Tennis, circa 2001, was like the valley of flowers just before spring. The old flowers had withered and died and the younger ones were about to bloom to a life of colour and bask in nature’s kindness.
And two of the brightest flowers in that valley were 20-year-old Lleyton Hewitt, with legs that could run all night and Andy Roddick, a year younger, of the big serve fame and the A Rod nickname. They met in the quarterfinals of the US Open that year.
Still being taunted by a few spectators into the quarterfinals because of a controversial incident in the second round against James Blake, Hewitt had watched almost sympathetically while Roddick lost his mind on an over-rule in the crucial 10th game of the fifth set. Moments later, the Aussie closed it out with a shout of ‘Come on!’
Hewitt went on to win the US Open that year, beating Pete Sampras in the final. But he was still very much the kid.
“I’ve still got my junior photo on my badge here,” Hewitt had mused, wearing his cap backward, in the post-match news conference. Junior photo; US Open champ… for a start, it doesn’t get much better.
A few years later, in 2003, Roddick won the US Open. Both, Hewitt and Roddick, went on to become world number ones as well before Roger Federer took over.
Suddenly their weapons, Hewitt’s speed around the court and Roddick’s big serve and forehand were rendered meaningless. They remained competitive, scarily so but they never got past the wall that was Federer.
Roddick’s record against Federer is an almost embarrassing 2 wins in 23 matches. Hewitt, on the other hand, started off well against the Swiss – winning seven of the first nine matches they played. But the record now stands at 18-8 in Federer’s favour – a complete shutout.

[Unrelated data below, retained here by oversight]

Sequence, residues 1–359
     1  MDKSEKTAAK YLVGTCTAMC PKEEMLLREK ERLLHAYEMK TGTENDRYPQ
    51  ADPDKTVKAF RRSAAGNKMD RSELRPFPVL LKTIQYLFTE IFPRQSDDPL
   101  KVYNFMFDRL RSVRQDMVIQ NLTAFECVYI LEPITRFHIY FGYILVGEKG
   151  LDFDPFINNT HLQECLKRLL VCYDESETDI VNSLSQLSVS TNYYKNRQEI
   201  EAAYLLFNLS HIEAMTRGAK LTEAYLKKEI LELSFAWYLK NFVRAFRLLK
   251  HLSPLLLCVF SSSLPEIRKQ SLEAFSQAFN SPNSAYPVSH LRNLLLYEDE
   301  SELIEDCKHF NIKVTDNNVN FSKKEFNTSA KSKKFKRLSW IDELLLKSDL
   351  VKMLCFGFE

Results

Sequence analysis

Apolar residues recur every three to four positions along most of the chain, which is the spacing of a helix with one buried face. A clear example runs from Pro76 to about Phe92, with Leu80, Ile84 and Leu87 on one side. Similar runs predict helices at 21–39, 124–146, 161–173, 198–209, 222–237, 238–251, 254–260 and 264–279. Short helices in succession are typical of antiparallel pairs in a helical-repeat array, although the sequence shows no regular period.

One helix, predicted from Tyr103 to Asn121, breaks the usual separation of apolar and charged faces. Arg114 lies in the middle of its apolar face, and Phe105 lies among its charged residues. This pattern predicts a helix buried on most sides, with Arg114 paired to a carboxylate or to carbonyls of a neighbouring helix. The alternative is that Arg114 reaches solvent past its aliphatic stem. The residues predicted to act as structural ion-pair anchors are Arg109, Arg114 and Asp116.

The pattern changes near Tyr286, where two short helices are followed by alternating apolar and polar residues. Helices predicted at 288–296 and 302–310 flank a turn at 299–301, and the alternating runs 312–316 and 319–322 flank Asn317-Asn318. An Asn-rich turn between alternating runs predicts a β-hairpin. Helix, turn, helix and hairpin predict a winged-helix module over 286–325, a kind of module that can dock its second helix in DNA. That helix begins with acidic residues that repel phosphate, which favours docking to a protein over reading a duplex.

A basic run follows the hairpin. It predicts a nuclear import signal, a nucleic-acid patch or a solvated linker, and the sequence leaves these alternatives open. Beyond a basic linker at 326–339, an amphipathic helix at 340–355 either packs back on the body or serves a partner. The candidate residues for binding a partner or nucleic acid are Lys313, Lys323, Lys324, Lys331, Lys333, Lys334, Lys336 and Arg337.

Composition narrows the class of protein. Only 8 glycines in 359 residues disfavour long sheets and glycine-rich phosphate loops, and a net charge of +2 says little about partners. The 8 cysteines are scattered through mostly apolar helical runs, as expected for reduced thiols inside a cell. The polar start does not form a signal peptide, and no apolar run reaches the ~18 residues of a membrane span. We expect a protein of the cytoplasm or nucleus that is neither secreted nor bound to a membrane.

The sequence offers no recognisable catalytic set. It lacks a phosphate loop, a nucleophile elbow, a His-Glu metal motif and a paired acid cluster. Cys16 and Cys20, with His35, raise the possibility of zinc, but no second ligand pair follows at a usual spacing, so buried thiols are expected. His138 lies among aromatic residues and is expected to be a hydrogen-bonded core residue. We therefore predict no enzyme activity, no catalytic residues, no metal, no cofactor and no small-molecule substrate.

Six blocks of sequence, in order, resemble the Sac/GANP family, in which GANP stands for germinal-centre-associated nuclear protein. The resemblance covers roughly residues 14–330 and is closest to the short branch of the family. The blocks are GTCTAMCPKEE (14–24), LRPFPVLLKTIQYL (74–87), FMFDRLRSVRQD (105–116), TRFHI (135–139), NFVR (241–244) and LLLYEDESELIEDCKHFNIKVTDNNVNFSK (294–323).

The battles between Roddick and Hewitt are much more even. Their head-to-head record shows that the American has a 7-6 advantage — but he’s won six in a row. But most of those victories are hard-fought wins because the Aussie never learned how to give up.
And now they meet again. In the second round of a Grand Slam – Hewitt and Roddick in the second round of the Australian Open seems early, much too early.
“I have as much respect for him as I do for anybody in the game, how he goes about his business, how professional he is,” Roddick said when asked about the match-up. “He’s a fighter.”
“He’s an all-court player,” Hewitt was effusive with his praise too. “He’s probably added to his net game a little bit more since the first time I played him, whatever it was, when he was 19, 20, whatever it was. He’s a complete player.”
The match-up, of course, is only possible because the 30-year-old Hewitt has undergone multiple hip surgeries, and his ranking has almost fallen to 200th in the world. But Roddick, the 15th seed, knows better than to underestimate Hewitt – in front of his home crowd, the Aussie will not back down; he will not break.
Kids scare old gunslingers. That’s what Hewitt did to Sampras. And that’s what this host of young stars has done to both, Hewitt and Roddick.
But perhaps the sight of each other will allow them to rediscover their old glory; perhaps they won’t feel overmatched anymore… perhaps they’ll be young again for a day. Maybe, just maybe, we’ll see some of the old magic.
Either way, it’s a mouth-watering clash; a clash for the ages.